Sentí M, Aubó C, Elosua R, Sala J, Tomás M, Marrugat J,

Effect of physical activity on lipid levels in a population-based sample of men with and without the Arg192 variant of the human paraoxonase gene.

Genet. Epidemiol. 2000 Mar; 18 (3): 276-86, PMID: 10723110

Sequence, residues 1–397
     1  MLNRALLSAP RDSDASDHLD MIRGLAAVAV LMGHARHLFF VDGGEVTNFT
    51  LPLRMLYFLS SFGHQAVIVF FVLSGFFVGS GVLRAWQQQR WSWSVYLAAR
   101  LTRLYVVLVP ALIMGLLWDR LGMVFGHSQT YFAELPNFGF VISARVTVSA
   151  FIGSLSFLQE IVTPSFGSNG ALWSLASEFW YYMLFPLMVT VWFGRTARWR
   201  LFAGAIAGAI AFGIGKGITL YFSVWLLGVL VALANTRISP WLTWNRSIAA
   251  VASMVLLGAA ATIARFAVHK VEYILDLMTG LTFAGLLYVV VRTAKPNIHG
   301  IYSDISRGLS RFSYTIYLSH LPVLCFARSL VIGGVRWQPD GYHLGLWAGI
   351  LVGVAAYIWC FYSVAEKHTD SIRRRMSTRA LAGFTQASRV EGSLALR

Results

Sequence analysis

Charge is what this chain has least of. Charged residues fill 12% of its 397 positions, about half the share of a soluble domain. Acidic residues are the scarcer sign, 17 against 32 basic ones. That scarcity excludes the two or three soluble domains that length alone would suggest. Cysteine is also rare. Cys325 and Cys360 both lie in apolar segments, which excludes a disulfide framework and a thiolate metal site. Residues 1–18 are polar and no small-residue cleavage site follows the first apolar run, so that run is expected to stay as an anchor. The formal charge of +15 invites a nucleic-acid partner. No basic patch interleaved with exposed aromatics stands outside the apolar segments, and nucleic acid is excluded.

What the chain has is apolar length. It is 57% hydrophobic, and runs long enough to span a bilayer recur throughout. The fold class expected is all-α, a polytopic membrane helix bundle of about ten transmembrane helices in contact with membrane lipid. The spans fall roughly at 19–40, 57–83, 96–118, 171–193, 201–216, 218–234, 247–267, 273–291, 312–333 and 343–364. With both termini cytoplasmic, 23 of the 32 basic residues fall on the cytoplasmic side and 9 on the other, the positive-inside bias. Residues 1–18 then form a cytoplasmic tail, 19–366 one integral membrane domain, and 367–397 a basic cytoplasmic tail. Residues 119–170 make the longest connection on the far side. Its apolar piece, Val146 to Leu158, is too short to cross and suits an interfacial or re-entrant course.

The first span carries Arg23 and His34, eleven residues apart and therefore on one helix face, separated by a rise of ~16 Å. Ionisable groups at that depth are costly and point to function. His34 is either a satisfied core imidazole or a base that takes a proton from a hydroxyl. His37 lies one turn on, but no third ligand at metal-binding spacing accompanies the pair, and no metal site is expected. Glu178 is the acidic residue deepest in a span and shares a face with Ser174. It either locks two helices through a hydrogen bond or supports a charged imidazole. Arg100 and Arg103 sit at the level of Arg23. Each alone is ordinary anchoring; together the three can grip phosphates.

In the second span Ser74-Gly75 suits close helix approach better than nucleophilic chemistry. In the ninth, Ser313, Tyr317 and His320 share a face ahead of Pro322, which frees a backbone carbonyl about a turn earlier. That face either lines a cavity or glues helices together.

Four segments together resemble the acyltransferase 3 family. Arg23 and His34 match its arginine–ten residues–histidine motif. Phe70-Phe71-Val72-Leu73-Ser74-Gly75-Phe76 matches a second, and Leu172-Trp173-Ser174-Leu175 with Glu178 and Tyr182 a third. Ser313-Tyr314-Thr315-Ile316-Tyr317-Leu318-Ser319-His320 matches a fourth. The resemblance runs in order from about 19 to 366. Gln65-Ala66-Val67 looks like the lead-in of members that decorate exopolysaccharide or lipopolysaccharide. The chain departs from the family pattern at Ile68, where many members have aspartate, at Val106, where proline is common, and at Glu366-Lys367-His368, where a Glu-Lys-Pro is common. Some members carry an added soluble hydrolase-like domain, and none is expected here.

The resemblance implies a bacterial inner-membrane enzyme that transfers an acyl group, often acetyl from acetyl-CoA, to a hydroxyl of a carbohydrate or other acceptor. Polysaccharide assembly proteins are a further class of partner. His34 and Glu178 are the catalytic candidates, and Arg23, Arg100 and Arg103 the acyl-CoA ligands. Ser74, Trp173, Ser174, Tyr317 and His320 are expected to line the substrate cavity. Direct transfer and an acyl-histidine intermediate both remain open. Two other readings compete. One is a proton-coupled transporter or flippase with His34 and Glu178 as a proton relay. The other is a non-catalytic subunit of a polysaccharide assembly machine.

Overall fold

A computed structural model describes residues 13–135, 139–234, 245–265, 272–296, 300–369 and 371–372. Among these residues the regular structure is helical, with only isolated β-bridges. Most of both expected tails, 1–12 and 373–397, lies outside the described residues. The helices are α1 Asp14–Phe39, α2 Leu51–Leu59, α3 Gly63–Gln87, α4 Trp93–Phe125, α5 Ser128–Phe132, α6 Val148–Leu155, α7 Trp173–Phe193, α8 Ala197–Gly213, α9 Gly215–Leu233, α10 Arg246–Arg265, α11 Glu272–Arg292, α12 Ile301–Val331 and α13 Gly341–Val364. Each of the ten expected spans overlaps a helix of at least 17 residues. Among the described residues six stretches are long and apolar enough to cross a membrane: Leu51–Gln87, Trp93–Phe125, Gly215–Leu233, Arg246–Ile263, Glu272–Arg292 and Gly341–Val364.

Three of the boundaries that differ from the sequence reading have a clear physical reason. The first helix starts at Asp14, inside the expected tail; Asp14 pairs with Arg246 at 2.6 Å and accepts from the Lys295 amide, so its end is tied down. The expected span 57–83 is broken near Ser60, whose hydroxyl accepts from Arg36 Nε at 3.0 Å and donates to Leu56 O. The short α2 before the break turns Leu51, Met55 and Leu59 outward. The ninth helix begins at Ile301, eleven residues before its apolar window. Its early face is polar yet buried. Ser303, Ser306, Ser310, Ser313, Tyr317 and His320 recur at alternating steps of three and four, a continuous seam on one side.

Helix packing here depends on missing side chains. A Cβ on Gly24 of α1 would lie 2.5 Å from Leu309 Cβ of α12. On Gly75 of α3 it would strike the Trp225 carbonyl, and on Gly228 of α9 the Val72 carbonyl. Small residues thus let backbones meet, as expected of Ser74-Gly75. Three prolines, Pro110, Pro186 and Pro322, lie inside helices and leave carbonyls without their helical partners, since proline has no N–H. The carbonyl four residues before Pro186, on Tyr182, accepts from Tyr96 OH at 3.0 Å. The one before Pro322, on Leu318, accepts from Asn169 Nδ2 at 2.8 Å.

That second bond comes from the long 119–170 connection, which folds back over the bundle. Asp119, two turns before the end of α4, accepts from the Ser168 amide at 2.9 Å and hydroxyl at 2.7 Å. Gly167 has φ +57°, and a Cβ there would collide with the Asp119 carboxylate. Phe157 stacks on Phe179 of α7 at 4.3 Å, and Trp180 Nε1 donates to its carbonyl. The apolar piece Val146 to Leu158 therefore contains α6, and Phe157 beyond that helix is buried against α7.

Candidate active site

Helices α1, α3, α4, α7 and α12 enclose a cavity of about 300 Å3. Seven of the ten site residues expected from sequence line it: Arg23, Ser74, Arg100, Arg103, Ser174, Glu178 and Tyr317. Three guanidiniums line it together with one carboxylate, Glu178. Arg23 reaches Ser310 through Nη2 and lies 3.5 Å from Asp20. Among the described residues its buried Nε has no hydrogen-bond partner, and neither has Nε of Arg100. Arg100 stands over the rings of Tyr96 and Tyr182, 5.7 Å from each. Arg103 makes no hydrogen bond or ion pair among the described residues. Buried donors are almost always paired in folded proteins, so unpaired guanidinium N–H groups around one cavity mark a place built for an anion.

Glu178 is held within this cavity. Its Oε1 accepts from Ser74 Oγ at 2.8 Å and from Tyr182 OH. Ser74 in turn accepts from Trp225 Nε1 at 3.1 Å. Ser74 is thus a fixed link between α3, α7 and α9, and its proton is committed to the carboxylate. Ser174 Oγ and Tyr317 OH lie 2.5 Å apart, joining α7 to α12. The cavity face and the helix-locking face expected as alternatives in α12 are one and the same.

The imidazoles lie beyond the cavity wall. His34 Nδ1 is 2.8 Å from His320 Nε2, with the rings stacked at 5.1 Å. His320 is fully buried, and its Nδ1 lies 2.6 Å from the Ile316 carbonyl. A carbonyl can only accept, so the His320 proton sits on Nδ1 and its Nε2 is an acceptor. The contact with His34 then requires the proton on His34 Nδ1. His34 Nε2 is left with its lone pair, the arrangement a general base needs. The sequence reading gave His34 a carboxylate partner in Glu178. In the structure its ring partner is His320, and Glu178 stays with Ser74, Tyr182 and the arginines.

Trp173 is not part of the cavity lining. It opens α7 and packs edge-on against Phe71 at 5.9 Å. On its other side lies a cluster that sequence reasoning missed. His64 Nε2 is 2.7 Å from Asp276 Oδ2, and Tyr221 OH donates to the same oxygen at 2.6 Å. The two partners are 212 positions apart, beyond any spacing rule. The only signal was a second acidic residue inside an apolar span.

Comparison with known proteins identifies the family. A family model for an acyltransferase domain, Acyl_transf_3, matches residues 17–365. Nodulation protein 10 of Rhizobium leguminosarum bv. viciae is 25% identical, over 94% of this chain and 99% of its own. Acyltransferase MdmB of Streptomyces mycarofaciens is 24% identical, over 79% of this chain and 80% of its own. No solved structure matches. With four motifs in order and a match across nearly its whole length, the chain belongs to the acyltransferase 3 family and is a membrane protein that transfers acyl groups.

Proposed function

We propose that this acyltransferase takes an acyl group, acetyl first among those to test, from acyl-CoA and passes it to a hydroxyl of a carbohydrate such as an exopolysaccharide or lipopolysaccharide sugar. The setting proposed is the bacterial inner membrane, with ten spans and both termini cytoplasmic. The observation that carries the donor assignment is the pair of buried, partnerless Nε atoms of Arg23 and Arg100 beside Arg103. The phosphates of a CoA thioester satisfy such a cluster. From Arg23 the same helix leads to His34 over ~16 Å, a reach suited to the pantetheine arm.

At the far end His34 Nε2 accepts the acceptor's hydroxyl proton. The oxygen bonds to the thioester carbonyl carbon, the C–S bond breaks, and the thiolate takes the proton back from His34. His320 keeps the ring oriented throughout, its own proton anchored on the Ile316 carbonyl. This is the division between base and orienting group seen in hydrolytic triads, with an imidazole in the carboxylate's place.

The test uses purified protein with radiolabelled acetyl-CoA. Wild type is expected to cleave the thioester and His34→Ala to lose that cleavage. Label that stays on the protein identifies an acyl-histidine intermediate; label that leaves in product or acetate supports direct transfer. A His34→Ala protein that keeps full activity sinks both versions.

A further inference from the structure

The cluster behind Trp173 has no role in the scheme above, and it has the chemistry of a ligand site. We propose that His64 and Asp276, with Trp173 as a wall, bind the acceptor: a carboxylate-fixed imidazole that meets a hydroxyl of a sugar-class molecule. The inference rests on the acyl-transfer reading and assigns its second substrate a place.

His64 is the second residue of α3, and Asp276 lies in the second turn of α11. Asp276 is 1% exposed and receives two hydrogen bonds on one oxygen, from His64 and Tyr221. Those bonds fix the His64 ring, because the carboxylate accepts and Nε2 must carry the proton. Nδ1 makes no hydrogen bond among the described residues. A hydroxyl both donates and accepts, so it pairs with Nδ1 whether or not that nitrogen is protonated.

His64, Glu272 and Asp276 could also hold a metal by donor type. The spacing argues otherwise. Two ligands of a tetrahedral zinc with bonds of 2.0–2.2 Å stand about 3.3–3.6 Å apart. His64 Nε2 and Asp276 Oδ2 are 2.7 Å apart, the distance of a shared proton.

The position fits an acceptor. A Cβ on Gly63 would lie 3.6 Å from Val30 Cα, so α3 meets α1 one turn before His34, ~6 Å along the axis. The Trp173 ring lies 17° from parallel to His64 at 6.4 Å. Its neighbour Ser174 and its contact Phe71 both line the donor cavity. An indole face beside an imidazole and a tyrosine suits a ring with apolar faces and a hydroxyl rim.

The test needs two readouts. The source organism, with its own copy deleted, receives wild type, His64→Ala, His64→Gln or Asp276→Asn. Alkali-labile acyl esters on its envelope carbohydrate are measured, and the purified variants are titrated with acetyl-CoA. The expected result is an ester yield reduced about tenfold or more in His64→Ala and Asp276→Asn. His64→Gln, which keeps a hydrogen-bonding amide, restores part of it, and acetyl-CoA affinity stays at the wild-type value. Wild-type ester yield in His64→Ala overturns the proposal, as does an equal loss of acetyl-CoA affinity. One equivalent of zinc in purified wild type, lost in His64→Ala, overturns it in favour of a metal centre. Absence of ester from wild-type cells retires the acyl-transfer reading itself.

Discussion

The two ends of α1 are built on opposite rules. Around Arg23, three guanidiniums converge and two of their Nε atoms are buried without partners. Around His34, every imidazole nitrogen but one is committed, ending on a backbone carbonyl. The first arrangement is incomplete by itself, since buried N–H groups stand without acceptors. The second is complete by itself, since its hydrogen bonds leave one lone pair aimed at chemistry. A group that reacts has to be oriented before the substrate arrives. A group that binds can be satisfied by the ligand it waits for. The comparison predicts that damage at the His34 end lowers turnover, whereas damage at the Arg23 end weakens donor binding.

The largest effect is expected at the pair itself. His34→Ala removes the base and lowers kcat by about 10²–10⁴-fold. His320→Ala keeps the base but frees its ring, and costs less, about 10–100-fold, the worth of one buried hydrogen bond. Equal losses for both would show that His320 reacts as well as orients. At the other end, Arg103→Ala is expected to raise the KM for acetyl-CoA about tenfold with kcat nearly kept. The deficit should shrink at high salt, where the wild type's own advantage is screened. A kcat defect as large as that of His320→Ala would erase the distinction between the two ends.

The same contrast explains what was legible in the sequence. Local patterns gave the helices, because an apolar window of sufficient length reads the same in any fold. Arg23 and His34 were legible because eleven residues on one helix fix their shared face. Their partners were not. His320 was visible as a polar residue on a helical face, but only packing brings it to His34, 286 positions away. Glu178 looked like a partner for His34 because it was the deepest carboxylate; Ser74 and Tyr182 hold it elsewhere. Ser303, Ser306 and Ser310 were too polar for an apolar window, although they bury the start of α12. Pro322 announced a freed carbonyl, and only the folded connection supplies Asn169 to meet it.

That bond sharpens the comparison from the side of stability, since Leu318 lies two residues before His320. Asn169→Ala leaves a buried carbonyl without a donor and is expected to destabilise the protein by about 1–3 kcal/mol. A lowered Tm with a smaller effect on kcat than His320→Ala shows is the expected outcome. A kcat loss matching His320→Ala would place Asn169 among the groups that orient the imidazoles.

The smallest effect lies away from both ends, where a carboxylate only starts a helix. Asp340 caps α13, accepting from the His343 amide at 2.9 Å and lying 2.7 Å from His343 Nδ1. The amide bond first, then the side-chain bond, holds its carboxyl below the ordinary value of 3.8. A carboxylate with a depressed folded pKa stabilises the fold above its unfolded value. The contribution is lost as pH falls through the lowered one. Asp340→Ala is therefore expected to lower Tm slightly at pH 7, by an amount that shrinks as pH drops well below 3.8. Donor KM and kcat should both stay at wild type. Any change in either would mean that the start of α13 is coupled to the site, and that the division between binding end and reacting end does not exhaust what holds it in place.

The prevalence of cardiovascular risk factors in Gerona, Spain, is high for the low myocardial infarction incidence and mortality rates in the province. Physical activity is a protective factor against coronary heart disease. We investigated whether the genetic variants Q and R of the paraoxonase Gln-Arg 192 polymorphism were involved in different responses of lipids to physical activity. Serum triglycerides, HDL-cholesterol concentrations, and the paraoxonase Gln-Arg 192 polymorphism were determined in 262 men randomly selected from a representative population sample in a cross-sectional study conducted in Gerona, Spain. The Minnesota Leisure Time Physical Activity Questionnaire was used to assess energy expenditure in leisure time physical activity. No differences were found in lipid levels among tertiles of physical activity distribution in subjects with the QQ genotype. However, R carriers showed a significant decreasing trend in triglyceride levels and in log-triglyceride-to-HDL-cholesterol ratio and a significant increasing trend in HDL-cholesterol concentration with the amount of physical activity. R carriers included in the low tertile of physical activity distribution had HDL-cholesterol levels significantly lower than those of QQ homozygous men in the same physical activity category (1.04 mmol/L vs. 1.22 mmol/L, P = 0.024). R carriers of the higher tertile of physical activity distribution showed the most favorable lipid profile in this genetic group. A statistically-significant interaction between paraoxonase genotypes and physical activity was observed for log triglycerides (P = 0.018), HDL-cholesterol concentration (P = 0.017), and log triglyceride-to-HDL-cholesterol ratio (P = 0.008). The beneficial association of the amount of physical activity and lipid traits found in men with the R allele suggests that this population subgroup needs to be physically active to achieve a favorable lipoprotein phenotype similar to that observed in QQ homozygous men.

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